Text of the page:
That’s right, I’m talking about feminism. Feminism has been making a resurgence lately, but it still tends to carry with it a negative connotation, an image of angry women who demonize men. The truth is that there is no one type of feminist and that the concept shouldn’t be a radical one. Rather, feminism is the fundamental belief that all women are deserving of the same rights and opportunities as men. On a personal level, it is the view that I am valued as much as the boys and men around me; that I have as much potential and as much a right to build the life I want. I feel confident that most people I know would agree with this sentiment, whether they consider themselves feminists or not.
The problem is that even if people believe in gender equality, it is easy to overlook how pervasive the biases, assumptions, and barriers are. The overt exclusion of women from the public sphere has in many ways been corrected. First wave feminists of the early 20th century brought us women’s suffrage. Second wave feminists of the 1970s entered the corporate world. More women than men have enrolled in college consistently over the last 40 years, and just today the Democratic party nominated a woman as its presidential candidate.
But the devil is in the details. In heterosexual dual income households, for example, women are more likely to work closer to home, give up promotions for their families, and do most of the housework. In the majority of companies throughout the country, new fathers only get one week of parental leave. And unfortunately, 1 in 4 women experience rape or sexual assault on college campuses (in comparison to 1 in 20 men). Once you begin to recognize all the little things that contribute to these disparities, it is difficult to ignore them again.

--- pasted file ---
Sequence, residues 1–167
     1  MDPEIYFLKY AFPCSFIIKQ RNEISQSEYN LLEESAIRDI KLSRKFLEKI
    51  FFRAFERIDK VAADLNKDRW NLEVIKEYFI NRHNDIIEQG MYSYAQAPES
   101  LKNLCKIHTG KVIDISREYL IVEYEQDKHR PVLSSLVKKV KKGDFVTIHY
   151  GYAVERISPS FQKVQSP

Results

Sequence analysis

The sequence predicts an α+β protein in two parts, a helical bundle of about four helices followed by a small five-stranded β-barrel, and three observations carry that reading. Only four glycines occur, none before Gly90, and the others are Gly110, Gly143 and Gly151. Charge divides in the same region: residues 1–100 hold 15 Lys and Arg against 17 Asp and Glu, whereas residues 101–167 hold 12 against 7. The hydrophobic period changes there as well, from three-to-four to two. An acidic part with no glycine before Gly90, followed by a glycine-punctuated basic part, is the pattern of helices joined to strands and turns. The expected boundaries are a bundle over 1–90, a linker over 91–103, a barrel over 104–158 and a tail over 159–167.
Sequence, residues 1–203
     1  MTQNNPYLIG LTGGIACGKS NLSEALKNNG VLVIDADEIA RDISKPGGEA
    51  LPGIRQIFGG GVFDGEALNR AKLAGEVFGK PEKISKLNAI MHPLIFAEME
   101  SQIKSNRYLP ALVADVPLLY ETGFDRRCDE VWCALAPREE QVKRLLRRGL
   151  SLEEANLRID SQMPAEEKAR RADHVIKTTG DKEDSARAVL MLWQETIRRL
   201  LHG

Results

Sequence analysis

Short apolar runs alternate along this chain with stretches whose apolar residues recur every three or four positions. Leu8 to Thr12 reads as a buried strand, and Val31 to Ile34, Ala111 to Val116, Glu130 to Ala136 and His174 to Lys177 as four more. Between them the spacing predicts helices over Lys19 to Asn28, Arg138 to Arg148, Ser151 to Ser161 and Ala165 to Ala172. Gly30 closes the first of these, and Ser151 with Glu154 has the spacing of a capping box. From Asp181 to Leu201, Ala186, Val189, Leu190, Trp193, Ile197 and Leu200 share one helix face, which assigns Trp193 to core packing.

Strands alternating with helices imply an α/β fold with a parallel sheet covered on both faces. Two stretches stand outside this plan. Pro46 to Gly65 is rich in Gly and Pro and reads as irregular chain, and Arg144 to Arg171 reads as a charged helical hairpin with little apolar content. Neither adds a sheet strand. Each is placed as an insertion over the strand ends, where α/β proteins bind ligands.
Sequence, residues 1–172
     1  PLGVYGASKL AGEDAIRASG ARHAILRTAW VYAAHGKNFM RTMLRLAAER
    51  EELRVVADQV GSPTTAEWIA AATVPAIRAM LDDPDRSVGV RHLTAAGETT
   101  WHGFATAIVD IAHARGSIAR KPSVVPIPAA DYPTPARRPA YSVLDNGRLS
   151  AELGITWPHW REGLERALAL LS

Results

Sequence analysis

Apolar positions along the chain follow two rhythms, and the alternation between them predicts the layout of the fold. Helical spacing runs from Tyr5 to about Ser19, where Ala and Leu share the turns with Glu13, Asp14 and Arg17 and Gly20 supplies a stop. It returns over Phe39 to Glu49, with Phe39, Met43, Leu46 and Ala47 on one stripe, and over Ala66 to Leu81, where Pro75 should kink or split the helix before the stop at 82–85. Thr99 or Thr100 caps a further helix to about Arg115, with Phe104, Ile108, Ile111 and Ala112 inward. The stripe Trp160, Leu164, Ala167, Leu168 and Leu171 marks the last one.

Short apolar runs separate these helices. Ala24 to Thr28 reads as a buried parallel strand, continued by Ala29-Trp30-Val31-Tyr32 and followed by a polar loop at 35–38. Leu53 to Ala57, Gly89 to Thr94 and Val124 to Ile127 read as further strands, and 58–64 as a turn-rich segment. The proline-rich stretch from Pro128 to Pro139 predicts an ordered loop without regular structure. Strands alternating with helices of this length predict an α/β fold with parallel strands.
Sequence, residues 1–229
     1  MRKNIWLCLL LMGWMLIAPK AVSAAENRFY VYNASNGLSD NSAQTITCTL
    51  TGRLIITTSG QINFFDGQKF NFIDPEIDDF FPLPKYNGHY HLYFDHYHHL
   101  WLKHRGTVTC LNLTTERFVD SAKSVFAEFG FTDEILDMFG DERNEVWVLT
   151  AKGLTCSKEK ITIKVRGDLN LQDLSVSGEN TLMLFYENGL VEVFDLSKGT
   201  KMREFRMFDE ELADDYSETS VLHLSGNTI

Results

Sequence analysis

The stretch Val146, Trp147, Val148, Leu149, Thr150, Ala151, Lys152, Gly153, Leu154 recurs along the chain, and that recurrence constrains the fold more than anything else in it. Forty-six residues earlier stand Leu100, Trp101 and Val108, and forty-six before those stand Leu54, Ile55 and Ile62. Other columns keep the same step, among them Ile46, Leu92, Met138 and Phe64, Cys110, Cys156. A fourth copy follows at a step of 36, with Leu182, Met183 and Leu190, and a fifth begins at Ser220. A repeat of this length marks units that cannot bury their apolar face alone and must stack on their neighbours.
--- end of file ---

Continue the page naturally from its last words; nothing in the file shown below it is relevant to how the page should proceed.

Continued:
So if you’re a man and are wondering what you can do, I encourage you to start noticing. Don’t set this aside as a woman’s issue, don’t get defensive, don’t roll your eyes. Instead, start to notice. Notice when a man says he has to “babysit” his own children. Notice when everyone around the table in a meeting is a man. Notice when women are warned not to walk home alone. Notice when your (female) partner is the only one doing the grocery shopping. Because privilege is invisible to those who have it, and the first step in being an ally is being aware.
Click here to watch a great speech about why we should all be feminists by the author Chimamanda Ngozi Adichie.